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Whose Religion Is Christianity?: The Gospel beyond the West Paperback – October 9, 2003

3.7 out of 5 stars 18 customer reviews

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Editorial Reviews


International Bulletin of Missionary ResearchOutstanding Books for Mission Studies (2003)

Christianity TodayAward of Merit, Christianity and Culture (2004)

Association of Theological BooksellersTheologos Award for Best General Interest Book (2004)

The Mennonite
"Lamin Sanneh uses a question-and-answer format to consider the rise of what he calls 'world Christianity,' a religion that comes from local cultural contexts and challenges assumptions held by Western Christianity. Sanneh is a scholarly, wise and irenic conversation partner."

Andrew F. Walls
"The astonishing religious changes of the twentieth century have produced a post-Christian West and a post-Western Christianity. Historical and cultural factors often prevent those who live in the post-Christian West from seeing the true face of world Christianity. This intriguing little book disperses these fogs to reveal the new contours of Christianity in the world. The argument moves at a cracking pace, and Lamin Sanneh characteristically provides plenty of supporting information in a highly readable form and with the freshness of perspective we expect from him. A most valuable statement of the place and nature of Christianity in the world."

Frederick W. Norris
"Lamin Sanneh's accessible dialogue about world Christianity offers a clear vision. Having listened to questions from his students and colleagues, he prints them and answers them. Because 60 percent of the world's Christians live outside of the United States and Europe, we need a view that contrasts globalization and mission, guilt and faith, confusion and confession. This small volume should be the first anyone reads to see that view. All interested persons, including experts, will find these pages eye-opening."

Philip Jenkins
"Lamin Sanneh is both a formidable scholar and an elegant writer. To nobody's surprise, then,Whose Religion Is Christianity? is a thoughtful, learned, provocative, and truly stirring analysis of the growth of global Christianity, including its phenomenal rise in Africa, Asia, and Latin America. This book is essential reading for anyone interested in missions, in the impact of the Bible, in the relationship between religion and politics — in short, for anyone interested in how Christianity stands in the twenty-first-century world."

International Bulletin of Missionary Research
"A gem of a book, in an imaginative style: evangelistic, recapitulative, apologetic. Worth buying ? even an extra copy to give away."

Mission Today
"The secular fundamentalists may choose to stand obtuse and dry in the little cave of their own parochialism, but the Niagara of religious fervour is cascading down around them. This is precisely the thesis the book attempts to establish."

The Expository Times
"This small book is a must for every minister or priest as well as an important book for the concerned laity. . . This book is, as with all Sanneh's writing, clearly and elegantly written."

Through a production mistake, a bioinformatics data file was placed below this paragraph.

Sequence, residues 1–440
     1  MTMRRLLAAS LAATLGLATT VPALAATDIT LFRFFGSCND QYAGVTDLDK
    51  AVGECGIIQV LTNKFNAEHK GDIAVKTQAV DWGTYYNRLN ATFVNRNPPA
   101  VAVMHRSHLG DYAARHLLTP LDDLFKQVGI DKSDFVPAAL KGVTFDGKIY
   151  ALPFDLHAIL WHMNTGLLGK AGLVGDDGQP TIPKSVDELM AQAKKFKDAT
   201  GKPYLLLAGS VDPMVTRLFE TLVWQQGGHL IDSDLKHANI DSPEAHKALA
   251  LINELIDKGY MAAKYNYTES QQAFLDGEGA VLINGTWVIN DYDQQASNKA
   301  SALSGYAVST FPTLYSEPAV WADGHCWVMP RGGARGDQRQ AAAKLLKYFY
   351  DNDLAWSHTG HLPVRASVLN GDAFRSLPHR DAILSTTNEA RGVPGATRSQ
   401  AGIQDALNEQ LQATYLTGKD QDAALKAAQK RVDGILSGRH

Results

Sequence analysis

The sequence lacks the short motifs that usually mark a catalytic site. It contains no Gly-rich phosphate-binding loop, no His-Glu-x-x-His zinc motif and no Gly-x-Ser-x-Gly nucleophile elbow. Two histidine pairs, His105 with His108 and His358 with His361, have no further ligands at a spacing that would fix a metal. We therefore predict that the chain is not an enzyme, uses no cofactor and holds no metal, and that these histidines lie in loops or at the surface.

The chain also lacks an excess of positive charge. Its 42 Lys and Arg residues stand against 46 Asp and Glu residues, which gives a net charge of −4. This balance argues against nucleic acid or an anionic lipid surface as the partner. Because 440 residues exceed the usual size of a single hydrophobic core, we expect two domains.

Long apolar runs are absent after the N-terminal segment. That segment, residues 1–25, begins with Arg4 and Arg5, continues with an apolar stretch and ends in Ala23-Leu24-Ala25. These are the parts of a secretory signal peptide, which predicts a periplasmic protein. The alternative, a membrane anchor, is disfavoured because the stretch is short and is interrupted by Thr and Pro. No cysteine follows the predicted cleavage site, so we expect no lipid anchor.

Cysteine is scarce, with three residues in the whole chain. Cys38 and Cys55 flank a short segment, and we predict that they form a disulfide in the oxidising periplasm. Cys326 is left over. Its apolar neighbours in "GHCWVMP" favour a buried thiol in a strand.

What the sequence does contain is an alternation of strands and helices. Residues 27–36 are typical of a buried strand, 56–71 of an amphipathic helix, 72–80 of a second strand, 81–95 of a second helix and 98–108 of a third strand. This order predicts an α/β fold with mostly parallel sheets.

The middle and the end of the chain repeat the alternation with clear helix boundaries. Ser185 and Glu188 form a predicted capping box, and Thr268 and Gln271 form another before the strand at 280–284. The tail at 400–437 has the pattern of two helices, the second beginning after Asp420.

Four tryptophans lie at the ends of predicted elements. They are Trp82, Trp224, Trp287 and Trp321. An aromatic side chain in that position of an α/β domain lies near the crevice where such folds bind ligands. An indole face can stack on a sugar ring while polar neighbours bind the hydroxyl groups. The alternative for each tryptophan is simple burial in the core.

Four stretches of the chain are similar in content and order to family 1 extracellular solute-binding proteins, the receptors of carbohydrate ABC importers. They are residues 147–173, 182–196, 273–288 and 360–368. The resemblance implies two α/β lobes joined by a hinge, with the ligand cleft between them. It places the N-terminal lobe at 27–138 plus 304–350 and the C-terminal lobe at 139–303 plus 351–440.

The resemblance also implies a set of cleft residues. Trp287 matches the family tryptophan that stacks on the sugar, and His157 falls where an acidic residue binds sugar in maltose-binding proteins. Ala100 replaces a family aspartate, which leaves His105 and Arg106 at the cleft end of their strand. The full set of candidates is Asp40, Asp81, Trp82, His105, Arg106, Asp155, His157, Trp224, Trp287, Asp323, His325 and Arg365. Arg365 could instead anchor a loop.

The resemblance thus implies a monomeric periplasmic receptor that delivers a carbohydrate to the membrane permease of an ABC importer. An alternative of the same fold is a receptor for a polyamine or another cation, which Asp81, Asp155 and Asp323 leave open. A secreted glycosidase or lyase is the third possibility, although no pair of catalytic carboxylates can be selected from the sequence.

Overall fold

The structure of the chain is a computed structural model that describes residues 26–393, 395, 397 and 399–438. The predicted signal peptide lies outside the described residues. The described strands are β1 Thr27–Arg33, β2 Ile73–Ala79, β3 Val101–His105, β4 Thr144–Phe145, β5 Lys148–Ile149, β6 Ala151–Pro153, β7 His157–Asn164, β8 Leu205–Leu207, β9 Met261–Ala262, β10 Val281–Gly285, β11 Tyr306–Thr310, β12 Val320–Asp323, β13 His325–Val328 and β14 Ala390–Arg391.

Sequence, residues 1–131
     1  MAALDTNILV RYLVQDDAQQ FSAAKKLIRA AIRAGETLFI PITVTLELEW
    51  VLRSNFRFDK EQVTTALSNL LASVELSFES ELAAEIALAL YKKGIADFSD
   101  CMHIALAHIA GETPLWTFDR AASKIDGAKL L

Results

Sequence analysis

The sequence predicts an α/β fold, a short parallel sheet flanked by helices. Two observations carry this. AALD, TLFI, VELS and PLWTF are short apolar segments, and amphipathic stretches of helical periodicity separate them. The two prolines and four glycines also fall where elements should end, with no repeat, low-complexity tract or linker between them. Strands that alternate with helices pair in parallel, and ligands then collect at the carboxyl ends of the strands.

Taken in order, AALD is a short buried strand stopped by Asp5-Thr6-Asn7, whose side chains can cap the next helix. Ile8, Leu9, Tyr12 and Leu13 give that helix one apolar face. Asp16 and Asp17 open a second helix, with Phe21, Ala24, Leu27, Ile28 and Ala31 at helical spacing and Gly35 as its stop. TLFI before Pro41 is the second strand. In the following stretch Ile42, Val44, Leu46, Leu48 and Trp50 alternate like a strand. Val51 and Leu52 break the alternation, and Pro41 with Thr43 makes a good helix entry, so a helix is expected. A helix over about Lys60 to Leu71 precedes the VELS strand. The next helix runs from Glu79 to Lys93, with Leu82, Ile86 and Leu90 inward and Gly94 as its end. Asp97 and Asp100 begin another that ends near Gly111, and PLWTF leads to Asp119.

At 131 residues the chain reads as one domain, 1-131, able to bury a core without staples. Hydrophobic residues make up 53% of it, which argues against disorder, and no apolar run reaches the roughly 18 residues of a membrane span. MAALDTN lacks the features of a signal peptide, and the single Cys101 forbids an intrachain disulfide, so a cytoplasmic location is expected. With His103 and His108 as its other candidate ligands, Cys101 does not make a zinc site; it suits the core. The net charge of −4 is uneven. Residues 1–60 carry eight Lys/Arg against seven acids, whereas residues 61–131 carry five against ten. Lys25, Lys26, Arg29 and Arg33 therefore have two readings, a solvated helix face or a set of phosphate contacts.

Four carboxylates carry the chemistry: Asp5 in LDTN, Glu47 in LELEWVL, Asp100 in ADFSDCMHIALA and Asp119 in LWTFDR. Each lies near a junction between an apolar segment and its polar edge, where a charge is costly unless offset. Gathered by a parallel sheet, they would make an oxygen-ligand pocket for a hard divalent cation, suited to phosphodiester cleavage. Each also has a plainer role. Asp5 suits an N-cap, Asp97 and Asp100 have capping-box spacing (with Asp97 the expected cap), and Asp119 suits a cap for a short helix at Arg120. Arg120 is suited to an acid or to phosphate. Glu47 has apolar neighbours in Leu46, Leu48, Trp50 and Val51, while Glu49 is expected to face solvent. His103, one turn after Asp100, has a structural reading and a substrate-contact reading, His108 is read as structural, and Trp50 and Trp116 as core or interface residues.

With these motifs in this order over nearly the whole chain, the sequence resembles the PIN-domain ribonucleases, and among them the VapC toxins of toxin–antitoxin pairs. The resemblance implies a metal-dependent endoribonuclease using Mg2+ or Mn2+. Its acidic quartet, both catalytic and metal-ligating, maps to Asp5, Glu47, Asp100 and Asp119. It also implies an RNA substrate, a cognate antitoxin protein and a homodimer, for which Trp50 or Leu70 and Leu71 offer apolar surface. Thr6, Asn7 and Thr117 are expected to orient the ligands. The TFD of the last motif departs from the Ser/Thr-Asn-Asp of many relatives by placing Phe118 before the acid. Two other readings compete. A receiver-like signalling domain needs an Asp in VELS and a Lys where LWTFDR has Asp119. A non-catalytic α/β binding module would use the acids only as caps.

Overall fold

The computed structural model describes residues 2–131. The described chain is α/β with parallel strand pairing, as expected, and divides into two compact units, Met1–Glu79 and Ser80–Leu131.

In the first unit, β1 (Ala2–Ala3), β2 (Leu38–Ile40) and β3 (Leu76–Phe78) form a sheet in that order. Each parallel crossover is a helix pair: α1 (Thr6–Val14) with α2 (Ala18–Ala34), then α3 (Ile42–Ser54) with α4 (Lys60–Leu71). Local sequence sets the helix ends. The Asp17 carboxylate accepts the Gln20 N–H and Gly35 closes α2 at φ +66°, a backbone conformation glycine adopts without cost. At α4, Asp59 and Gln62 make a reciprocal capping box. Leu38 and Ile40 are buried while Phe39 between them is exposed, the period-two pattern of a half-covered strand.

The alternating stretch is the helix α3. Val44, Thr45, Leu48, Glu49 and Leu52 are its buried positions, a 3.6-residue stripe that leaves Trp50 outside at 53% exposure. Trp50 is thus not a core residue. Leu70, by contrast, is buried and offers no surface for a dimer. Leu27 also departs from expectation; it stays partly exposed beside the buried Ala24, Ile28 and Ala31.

From the Back Cover

Many historians of religion now recognize that Christianity is a global faith whose most vibrant expression and growth are found today in the non-Western world. But no one explores this reality and its implications for modern life with the depth of learning and personal insight of Lamin Sanneh.

This book is unique in the literature of world Christianity, not least for its novel structure. Sanneh's engaging narrative takes the form of a self-interview in which he asks questions about the cross-cultural expansion of Christianity and provides insightful answers and meaningful predictions about the future. This technique also allows Sanneh to track developments in world Christianity even while giving attention to the responses and involvement of indigenous peoples around the world.

Sanneh's own background and lifelong involvement with non-Western cultures bring a richness of perspective not found in any other book on world Christianity. For example, Sanneh highlights what is distinctive about Christianity as a world religion, and he offers a timely comparison of Christianity with Islam's own missionary tradition. The book also gives pride of place to the recipients of the Christian message rather than to the missionaries themselves. Indeed, Sanneh argues here that the gospel is not owned by the West and that the future of the tradition lies in its world character.

Literate, relevant, and highly original, "Whose Religion Is Christianity? presents a stimulating new outlook on faith and culture that will interest a wide range of readers.

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Product Details

  • Paperback: 150 pages
  • Publisher: Eerdmans; 4th edition (October 9, 2003)
  • Language: English
  • ISBN-10: 0802821642
  • ISBN-13: 978-0802821645
  • Product Dimensions: 5.2 x 0.4 x 8.2 inches
  • Shipping Weight: 6.4 ounces (View shipping rates and policies)
  • Average Customer Review: 3.7 out of 5 stars  See all reviews (18 customer reviews)
  • Amazon Best Sellers Rank: #83,680 in Books (See Top 100 in Books)

Customer Reviews

Top Customer Reviews

Format: Paperback
Lamin Sanneh's work sketches the relationship between East and West in the development of Christianity as a Global phenomenom. His work, in terms of content, closely resembles Phillip Jenkins work - The Next Christendom. However, where Jenkins looks to statistics and trends to analyze and predict (which is unbecoming a historian) the direction of contemporary Christianity, Sanneh goes beyond statistical analysis and insightfully relates issues of aculturation and indigenization. Jenkins' work seems shallow in comparison. Sanneh uses a dialogue style in order to adequately present the intricacies of question concerning the development of Christianity outside a Western context. Sanneh's prior work on translation and his current work on African religious traditions influence the examples that Sanneh uses, but the book is not limited to these topics. In its conciseness and intellectual rigor, this book represents a helpful handbook for understanding the new face of the global church and how we can effectively discuss the subtleties of Global Christianity.